But these quasi-parallel situations are also contrasted: the speaker had X, the Salamander did not have Y. The sharpest and most obvious contrast is temporal: the speaker had X at a very early time, even when the Salamander did not yet have Y. Since the Salamander has been living in fire for centuries, the speaker's claim must go very far back indeed; he gloats over his ancient patent of nobility. His writ has run seemingly forever: he and his archetypal liver-wound go back farther than anyone can remember. Was there ever a time when he was not a lover-- when he didn't suffer, and didn't glory in the suffering?

The enjoyable bureaucratic wordplay adds a touch of humor to the verse. The speaker has a ta;h.siil , while the Salamander has a jaagiir . (While in wordplay terms, of course, the jaagir resonates irresistibly with the jigar .) That makes the speaker a ta;h.siil-daar and Salamander a jaagiir-daar. Anybody who knows anything about British Indian history will recognize these two colonial administrative categories (Hobson-Jobson's tahseeldar and jagheerdar). The former officer is more of a revenue collector, the latter more of a landlord, but there could be considerable overlap. Certainly Ghalib's audience would have known both categories very well. But is it better to have revenue-collecting rights based on a liver-wound, or residential rights in a fire-place?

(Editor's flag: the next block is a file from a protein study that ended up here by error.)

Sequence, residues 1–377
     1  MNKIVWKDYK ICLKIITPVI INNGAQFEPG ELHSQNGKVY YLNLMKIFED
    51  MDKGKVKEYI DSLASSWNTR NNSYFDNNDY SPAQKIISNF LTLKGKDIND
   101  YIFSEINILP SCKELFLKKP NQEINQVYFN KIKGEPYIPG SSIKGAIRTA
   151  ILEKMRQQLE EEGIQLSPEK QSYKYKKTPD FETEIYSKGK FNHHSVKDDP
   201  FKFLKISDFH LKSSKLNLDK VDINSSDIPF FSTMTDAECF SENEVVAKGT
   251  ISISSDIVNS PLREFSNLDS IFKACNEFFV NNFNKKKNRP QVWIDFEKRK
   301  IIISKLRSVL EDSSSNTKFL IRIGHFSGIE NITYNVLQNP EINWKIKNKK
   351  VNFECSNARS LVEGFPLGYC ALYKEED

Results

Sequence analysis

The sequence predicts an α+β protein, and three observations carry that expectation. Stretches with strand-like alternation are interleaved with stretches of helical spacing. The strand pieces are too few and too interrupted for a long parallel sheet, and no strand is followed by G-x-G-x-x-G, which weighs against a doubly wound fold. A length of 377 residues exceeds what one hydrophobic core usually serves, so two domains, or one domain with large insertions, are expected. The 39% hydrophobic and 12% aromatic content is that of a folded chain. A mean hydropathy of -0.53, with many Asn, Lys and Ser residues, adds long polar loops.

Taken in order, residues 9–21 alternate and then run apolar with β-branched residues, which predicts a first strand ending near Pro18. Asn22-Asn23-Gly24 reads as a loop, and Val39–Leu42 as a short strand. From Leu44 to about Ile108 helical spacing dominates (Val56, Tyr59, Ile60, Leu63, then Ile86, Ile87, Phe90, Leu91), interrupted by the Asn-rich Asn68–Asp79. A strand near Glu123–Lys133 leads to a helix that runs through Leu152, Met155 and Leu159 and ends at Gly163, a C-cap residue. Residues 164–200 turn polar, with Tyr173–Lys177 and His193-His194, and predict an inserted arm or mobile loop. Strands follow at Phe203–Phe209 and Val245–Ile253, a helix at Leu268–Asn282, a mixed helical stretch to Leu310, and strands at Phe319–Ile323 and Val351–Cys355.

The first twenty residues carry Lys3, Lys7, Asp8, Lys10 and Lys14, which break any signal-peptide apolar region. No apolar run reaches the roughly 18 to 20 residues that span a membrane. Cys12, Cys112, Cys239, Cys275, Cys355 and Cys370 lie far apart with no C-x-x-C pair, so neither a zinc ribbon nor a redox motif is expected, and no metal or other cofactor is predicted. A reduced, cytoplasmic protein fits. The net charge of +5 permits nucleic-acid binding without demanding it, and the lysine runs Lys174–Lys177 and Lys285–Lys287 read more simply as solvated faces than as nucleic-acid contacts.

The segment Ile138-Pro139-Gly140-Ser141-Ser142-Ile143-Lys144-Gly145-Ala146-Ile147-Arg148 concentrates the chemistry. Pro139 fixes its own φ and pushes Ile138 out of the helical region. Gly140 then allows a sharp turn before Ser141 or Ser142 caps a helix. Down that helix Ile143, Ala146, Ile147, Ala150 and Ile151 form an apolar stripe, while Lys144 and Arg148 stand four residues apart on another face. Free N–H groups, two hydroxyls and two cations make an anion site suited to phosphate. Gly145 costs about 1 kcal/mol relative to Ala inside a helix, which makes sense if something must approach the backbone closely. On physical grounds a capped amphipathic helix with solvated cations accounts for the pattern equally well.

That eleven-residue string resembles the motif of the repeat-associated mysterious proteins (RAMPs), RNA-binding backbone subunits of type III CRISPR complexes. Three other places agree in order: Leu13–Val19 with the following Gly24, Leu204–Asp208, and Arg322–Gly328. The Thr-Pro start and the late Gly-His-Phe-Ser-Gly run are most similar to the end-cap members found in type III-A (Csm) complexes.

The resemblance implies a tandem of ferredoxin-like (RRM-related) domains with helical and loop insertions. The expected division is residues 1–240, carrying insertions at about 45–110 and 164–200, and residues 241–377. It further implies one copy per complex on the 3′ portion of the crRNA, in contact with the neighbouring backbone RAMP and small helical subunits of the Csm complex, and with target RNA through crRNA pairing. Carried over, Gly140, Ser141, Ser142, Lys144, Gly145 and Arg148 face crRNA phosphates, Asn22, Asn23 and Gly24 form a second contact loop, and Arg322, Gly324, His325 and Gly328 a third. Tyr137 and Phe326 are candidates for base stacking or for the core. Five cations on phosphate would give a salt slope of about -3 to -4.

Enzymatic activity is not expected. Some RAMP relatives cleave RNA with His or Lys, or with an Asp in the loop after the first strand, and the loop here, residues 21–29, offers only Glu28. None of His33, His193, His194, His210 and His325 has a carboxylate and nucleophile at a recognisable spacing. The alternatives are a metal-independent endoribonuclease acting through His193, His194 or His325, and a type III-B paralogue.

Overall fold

Nazm reads the second line as an even stronger claim: by virtue of the wound of the liver, the speaker holds his rights and perquisites very legitimately; by contrast, the lowly Salamander has never become an estate-holder at all. Through the speaker's wounded liver he suffers for his rights, he pays for them in blood, so that they're powerfully established. By contrast, the Salamander is perfectly happy in fire, and never endures any pain at all, so that his claim is much weaker.

The reading of aatish-kadah as 'fire-temple' is also a possibility (though nothing in the verse particularly invites such a reading); on this, see {173,10}. On this reading, the speaker's rights of collection and acquisition (of money? of 'attainment'? of learning?) are grounded in the almost sacred status of his wounded liver. His estate is thus a quasi-religious space, and is secured by his own inner struggle and suffering. By contrast, the petty and frivolous Salamander doesn't get to have such a sacred space as the 'fire-temple' for his estate at all: perhaps he's only allowed to visit it, not to claim it; or perhaps he's denied access to it entirely. On this reading, there's the Salamander's ordinary fire-- and then there's the speaker's sacred fire.

Compare Mir's similar claim of ancient rights and sufferings: he was a 'consecrated lamp' even before the winds were created: M{456,8}.